MONTREAL - Alex Belzile refers to himself as a "late bloomer". And he couldn't be more grateful for the saying, "Better late than never".
On Friday, the 27-year-old forward signed a one-year, two-way contract with the Canadiens for the 2019-20 season - his first NHL contract, no less. The deal comes just weeks after Belzile wrapped up a season to remember, one in which he set career highs in goals (19), assists (35), points (54), power play goals (8), and game-winning goals (3) en route to being named an AHL All-Star for the North Division.
The journey to get to where he has was a long and winding one for Belzile, who hails from Saint-Eloi. If you look at a map of North America, Belzile has played on virtually all four corners of the continent with stops in Georgia (Gwinnett Gladiators - ECHL), Alaska (Alaska Aces - ECHL), and Texas (San Antonio Rampage - AHL) - among others - dotting the map alongside his native Quebec (Laval Rocket - AHL).
Belzile may be the very definition of what it means to be a hockey journeyman, but he knows himself well enough to believe that an All-Star, career season and subsequent NHL contract were always within reach.
"My goal is still to play in the NHL. I've never been the guy who tried to move three steps ahead instead of going step by step," explained Belzile, who noted he'd gone from healthy scratch to dominant force in both the ECHL and AHL along the way. "I trust my process, I trust my mentality. I'm a late bloomer. I know myself. I still know that I'm getting into my peak, getting into my best seasons right now. I think it's really positive with my late development: my best years are not behind me. It's the opposite: they're ahead of me."
With optimism like that, Belzile was due for a breakout sooner or later and he pointed to his mindset as the major contributor towards his personal success in 2018-19.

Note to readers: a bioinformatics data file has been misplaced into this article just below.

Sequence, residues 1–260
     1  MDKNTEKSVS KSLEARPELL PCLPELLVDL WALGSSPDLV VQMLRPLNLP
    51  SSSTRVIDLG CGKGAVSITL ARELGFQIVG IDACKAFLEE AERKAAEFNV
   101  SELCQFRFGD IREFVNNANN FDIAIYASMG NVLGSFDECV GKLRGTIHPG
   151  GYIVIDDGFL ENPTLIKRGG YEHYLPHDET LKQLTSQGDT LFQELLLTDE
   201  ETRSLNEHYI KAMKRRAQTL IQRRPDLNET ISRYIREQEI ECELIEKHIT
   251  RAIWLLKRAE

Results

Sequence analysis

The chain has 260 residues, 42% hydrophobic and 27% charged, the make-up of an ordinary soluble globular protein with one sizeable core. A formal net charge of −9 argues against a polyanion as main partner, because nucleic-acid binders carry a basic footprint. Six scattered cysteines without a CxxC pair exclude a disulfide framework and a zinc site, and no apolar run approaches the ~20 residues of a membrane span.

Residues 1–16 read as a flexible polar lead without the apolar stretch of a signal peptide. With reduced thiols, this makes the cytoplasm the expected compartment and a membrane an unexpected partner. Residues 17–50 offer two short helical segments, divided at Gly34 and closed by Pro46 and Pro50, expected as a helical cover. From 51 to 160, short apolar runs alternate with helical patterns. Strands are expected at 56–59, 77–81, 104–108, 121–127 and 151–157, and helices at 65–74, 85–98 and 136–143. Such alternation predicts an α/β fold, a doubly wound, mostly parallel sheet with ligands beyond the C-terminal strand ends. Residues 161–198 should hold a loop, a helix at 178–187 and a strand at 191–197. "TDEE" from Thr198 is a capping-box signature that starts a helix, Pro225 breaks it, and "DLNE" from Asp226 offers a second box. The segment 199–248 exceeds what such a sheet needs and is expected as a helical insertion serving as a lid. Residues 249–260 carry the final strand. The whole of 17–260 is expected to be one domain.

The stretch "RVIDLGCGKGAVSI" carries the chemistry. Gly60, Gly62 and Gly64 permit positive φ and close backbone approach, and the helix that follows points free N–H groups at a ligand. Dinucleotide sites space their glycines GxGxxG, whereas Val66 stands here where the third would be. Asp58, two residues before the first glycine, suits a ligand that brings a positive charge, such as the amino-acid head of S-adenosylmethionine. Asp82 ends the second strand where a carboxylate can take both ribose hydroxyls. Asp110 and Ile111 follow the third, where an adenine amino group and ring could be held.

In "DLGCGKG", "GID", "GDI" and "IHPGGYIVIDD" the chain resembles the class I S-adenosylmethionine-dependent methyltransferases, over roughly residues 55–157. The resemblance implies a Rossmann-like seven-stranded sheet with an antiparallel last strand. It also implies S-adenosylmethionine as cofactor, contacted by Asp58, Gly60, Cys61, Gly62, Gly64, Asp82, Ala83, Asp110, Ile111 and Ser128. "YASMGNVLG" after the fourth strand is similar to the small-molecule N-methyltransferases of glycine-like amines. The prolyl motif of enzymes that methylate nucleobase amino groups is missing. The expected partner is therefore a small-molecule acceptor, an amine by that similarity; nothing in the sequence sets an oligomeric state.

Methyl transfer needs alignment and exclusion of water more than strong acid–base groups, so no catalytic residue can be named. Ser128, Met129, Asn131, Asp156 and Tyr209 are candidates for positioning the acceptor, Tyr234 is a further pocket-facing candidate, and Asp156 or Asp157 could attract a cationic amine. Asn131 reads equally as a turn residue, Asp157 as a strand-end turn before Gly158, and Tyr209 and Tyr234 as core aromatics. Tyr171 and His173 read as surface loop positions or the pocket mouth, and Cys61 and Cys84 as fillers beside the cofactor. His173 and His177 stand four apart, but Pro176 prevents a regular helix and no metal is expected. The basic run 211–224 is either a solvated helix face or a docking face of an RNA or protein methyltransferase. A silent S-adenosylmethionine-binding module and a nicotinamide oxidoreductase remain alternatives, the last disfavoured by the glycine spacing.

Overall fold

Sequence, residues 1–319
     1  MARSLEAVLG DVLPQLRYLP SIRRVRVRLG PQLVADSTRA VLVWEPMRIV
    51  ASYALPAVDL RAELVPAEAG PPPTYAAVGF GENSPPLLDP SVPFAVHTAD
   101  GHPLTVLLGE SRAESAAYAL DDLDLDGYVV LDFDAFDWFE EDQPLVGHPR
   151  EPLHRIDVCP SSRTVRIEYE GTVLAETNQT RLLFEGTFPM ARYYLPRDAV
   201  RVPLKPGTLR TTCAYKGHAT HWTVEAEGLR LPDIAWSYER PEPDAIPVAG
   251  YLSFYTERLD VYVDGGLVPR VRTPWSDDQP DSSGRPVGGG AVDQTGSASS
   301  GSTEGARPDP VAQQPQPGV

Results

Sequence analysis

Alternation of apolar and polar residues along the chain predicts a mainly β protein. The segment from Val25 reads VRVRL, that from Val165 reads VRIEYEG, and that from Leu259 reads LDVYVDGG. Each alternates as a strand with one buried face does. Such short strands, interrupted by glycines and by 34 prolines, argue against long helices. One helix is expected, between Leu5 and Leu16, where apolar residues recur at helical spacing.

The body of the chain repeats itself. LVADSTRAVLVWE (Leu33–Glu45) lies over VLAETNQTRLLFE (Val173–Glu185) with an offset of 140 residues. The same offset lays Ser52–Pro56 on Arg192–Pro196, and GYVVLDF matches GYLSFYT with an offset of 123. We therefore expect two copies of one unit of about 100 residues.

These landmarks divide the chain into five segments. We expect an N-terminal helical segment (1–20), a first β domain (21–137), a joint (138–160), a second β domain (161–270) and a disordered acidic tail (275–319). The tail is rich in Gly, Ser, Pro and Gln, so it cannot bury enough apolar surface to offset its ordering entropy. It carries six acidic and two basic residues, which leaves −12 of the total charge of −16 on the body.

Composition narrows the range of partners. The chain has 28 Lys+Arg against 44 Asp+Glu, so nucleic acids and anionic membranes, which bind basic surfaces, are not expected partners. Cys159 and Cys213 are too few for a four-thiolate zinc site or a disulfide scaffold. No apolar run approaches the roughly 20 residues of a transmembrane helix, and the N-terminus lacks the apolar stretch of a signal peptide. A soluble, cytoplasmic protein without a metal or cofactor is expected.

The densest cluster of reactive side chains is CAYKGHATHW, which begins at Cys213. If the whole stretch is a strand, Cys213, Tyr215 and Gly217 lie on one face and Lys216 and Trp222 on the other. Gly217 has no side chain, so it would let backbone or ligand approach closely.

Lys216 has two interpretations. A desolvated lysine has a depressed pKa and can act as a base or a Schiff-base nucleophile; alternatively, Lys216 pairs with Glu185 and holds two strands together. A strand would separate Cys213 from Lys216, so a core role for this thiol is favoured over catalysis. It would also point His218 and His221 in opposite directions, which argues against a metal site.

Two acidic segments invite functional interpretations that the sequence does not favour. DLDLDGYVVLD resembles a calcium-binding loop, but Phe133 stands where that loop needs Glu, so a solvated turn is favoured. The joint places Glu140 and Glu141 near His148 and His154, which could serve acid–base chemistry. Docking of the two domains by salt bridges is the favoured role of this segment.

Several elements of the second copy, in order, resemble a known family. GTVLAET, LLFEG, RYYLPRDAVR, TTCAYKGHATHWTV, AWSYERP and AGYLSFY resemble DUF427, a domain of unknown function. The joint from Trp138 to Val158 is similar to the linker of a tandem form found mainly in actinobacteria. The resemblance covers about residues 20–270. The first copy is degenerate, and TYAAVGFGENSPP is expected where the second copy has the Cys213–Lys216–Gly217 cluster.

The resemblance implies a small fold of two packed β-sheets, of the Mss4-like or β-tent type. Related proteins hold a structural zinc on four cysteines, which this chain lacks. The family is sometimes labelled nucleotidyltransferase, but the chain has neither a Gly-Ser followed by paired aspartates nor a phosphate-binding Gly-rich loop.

"Honestly, I think it's the confidence. It's an answer as simple as that. Yes, there are a lot of other things and when you add everything up together, it makes you better as a hockey player," outlined Belzile, who enjoyed 11 multi-point outings last season in Laval. "But if you don't have the confidence to do it, it gets tougher."
Belzile used that self-assurance to challenge himself to take on new responsibilities on both ends of the ice, which helped put him on the radar - and was in turn even more of a confidence boost as an added bonus.
"Last year in Laval, I had a real chance and I took it more on the offensive part. I've been offensive all my life and I've never had a real chance in the AHL to prove that I can play a really good two hundred-foot game. But being on the power play, that helps you being confident," he shared. "A lot of people didn't really know me, but most of the time that's the way I like it - being in the shadows and just doing my thing and working hard every day in practice. I know, it's cliche, but I think that's the right approach."
That approach did lead to Belzile getting noticed, as he was selected for the 2019 AHL All-Star game in Springfield, MA. Belzile was both flattered and surprised by the nod.
"It was a big honor. I didn't really expect it when they announced me back in January," he recalled. "That was not a life goal, but it was really fun to be part of. And I got to know more people around the league. Maybe people started to know me and notice me more."
Belzile will be spending his summer training at Université Laval in Quebec City with a group of AHLers and NHLers that includes Habs centerman Phillip Danault. And for those fans who aren't familiar with Belzile, he says he likes to model his game after his friend and offseason workout buddy.
"I'm really versatile. I can play every single role, on every single line. Last year in Laval, I had good numbers. I'm a great two way player. I love the way [Danault] plays. It's really efficient. I would say I'm a really efficient, consistent player. I think my biggest asset is my hockey sense. Regardless of the time of the game, or the situations I'm in, I will find my way to adapt," concluded Belzile. "And my hockey sense will help me, obviously. So I think that's my biggest asset."